When Jeff Cohen dreamed up TURF in 2011, Toronto had the fourth largest live music market in North America, but without any major outdoor music festivals from June to September. "There hadn't been a roots festival since Mariposa Folk Festival left the city [in 1999], which was a long time ago," says Cohen, who is also the founder of Collective Concerts.

After two years of persuading Fort York to open its gates to concerts, Cohen and a small team launched TURF. "I won't lie to you: When we first thought up this idea for a three-day festival, we thought we were going to be the only one," Cohen says. "We were sort of surprised when Field Trip debuted in the same year, but I'm not surprised that all these people who are doing this came to the same conclusion we did, which is that there is a huge void in the Toronto market."

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This year TURF has its biggest headliners to date with Wilco, Pixies and Of Monsters and Men, and has already sold more tickets than in its past three editions. Running from Sept. 18 to 20 at Fort York Garrison Common, TURF will be going head to head with the American-based Riot Fest, a punk-rock festival taking place the same weekend at Downsview Park.

"There's a danger in doing these things," says Cohen. "It's not like a brick-and-mortar business, like running the Phoenix or the Kool Haus, where you can have set costs and weather can't bother you. It's risky."

On top of direct competition for prime weekend spots, there is also the effect of radius clauses. Put in place by some festivals, a radius clause prevents bands from playing other shows within a certain time period of their dates. (The North by Northeast festival cancelled its radius clause for 2015 after backlash from the local music community.)

Yet Camp Wavelength is betting on its small-scale, intimate set-up to differentiate itself from the pack. Alongside the musical programming, Camp Wavelength boasts camp-inspired extra-curriculars: The Wooden Sky's frontman Gavin Gardiner leads a morning run across the island, art weirdos Posi Vibez host a capture the flag-style game dubbed Orbz, and those inspired by the Blue Jays' current standings can join a pick-up softball game. (Non-athletic festivalgoers can hunker down at the arts and crafts table with local DIY publication Static Zine.)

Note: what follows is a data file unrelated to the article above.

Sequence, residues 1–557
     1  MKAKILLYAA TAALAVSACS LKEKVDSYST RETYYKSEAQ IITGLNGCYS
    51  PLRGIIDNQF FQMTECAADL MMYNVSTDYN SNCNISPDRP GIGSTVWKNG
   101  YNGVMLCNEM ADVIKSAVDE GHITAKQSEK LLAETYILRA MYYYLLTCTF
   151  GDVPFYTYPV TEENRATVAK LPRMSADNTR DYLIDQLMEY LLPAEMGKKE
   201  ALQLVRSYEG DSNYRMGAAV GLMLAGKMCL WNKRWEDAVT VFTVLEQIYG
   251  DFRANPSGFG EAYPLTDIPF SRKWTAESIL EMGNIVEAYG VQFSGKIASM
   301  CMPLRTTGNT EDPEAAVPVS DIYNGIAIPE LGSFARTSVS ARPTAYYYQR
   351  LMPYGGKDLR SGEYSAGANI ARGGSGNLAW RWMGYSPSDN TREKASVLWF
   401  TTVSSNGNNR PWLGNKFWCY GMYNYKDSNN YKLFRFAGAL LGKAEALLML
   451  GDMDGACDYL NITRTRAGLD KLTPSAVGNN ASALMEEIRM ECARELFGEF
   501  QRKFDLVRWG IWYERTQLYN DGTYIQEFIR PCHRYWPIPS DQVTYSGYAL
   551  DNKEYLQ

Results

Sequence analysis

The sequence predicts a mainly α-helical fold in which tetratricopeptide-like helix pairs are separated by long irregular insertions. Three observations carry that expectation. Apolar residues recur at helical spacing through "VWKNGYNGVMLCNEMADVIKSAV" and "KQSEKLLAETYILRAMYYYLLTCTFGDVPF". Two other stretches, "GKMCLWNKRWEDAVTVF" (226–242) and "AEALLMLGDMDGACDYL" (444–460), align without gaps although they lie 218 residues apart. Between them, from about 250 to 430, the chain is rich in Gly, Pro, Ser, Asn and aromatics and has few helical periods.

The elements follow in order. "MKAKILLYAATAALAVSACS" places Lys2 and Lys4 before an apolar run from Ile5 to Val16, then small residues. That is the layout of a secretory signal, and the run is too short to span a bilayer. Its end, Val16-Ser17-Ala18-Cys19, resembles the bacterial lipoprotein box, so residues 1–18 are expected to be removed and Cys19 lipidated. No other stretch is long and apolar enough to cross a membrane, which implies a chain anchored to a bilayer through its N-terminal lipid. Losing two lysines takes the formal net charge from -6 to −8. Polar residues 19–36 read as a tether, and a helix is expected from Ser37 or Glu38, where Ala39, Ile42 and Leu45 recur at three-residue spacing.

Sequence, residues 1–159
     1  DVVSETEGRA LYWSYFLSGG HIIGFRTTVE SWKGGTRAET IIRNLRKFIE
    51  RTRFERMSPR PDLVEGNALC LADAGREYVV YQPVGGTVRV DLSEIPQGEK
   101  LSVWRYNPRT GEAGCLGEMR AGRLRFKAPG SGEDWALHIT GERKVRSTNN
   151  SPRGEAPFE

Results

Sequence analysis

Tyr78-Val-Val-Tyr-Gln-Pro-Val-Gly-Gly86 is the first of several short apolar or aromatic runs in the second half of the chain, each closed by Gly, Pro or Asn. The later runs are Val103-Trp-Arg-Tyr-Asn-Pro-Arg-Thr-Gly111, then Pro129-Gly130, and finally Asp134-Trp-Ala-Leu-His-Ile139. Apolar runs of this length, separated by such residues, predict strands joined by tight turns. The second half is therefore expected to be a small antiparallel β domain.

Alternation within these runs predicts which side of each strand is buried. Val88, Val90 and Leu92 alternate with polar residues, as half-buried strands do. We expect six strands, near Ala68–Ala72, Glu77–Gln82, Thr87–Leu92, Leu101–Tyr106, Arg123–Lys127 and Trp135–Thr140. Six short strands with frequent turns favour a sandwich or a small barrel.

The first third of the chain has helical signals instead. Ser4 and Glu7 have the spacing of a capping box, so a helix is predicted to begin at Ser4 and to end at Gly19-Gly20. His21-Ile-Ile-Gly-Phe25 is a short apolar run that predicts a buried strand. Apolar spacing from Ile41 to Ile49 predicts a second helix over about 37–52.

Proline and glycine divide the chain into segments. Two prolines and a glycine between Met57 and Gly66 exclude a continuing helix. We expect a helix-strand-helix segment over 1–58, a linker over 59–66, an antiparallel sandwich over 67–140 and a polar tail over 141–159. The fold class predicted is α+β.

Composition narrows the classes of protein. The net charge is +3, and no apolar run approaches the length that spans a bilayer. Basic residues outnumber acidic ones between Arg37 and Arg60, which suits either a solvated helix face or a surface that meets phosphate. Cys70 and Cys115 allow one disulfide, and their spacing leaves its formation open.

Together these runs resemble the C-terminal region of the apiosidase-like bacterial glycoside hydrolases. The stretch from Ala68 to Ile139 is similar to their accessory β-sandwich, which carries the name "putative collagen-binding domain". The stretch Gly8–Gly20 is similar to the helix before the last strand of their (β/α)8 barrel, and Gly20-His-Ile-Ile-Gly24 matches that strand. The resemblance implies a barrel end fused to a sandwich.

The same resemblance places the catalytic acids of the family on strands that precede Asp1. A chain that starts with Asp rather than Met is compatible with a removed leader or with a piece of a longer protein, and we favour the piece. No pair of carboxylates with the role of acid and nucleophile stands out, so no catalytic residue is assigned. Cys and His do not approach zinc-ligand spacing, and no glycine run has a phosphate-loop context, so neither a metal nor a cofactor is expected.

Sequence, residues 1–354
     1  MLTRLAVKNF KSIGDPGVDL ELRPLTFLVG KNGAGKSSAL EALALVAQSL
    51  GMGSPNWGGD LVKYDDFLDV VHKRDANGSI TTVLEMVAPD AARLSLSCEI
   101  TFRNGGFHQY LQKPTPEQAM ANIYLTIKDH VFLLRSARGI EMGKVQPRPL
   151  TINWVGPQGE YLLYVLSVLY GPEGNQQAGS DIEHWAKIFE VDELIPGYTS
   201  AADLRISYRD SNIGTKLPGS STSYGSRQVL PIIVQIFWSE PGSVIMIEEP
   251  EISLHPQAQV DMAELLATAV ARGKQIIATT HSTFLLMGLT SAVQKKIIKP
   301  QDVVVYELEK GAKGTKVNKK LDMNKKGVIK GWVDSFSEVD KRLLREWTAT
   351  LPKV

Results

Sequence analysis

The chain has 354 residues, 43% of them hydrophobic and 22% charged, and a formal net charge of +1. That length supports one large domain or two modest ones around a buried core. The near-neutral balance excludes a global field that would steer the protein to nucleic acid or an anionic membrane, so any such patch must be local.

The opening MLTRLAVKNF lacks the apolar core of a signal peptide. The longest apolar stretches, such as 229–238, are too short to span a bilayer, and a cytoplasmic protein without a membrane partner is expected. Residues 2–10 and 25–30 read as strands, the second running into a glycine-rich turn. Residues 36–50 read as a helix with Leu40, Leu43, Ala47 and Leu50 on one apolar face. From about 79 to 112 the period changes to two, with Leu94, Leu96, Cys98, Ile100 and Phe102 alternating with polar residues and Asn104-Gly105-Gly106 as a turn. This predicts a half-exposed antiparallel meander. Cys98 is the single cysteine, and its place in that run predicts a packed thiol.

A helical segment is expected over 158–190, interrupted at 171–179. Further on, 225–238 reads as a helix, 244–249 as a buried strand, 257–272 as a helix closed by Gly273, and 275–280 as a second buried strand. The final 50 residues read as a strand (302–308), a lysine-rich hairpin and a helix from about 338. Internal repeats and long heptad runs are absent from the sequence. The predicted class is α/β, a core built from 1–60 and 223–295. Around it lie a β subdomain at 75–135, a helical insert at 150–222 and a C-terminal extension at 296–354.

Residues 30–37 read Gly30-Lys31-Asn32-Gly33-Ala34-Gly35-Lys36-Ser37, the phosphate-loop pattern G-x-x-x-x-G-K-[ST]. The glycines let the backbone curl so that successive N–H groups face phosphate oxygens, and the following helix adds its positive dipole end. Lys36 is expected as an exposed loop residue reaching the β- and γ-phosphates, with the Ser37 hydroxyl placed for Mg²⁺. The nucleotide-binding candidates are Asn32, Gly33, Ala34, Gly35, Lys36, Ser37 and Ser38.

"You're not standing in a field burning in the sun drinking overpriced beer," Bunce says. "You're on the same level as the artists. You're on the same boat. You're camping out in the same field. You're part of a community for the whole weekend."

It's this intimacy that drew The Wooden Sky, who are touring Europe this fall, to choose Camp Wavelength as the one festival they would play this summer in the city.

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"Wavelength is not a cash-cow promotion company. It's something people do for the love of finding new music," Gardiner says. "Being invited to be part of that community is important to us because we tour so much. We're not as tapped into that sense of community as much as we'd like to be."

And unlike events at Fort York's Garrison Common, Hanlan's Point beach or Downsview Park – all of which are hotbeds for festivals – Wavelength doesn't need to worry about its location getting swiped.

"We know it's important to our programming to have this kind of event," says Lisa Cristinzo of Artscape Gibraltor Point, which rents its space to Camp Wavelength. "We've had other requests for camping [events] and I will say, 'Nope, that's a Wavelength thing.'"

As for Bunce, he's confident the niche Camp Wavelength has carved out will fare just fine against the city's influx of new festivals. He's most concerned about an institution even more long-standing than Wavelength.

"Our biggest direct competition is people going to the cottage," Bunce says with a laugh. "That's more of a direct competition than any other festival."